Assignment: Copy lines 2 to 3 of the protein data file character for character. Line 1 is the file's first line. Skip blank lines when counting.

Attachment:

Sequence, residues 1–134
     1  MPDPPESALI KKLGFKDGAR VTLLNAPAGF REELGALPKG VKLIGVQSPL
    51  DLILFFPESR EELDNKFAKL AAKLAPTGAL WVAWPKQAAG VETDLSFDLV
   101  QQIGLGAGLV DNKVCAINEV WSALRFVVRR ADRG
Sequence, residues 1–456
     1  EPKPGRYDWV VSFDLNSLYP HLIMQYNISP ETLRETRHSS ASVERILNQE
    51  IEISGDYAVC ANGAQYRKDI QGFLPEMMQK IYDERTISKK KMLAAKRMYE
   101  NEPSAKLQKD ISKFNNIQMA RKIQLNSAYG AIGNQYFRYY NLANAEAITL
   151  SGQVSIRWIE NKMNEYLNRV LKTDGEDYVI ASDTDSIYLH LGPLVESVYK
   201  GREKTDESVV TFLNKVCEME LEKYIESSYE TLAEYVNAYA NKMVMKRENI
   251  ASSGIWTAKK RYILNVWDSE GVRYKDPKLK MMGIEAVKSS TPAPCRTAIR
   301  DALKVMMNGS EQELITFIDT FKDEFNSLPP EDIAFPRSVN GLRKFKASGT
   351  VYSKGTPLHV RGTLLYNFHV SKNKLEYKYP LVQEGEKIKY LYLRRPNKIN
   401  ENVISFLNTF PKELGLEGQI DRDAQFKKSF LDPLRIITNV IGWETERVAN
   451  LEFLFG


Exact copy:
     1  MPDPPESALI KKLGFKDGAR VTLLNAPAGF REELGALPKG VKLIGVQSPL
    51  DLILFFPESR EELDNKFAKL AAKLAPTGAL WVAWPKQAAG VETDLSFDLV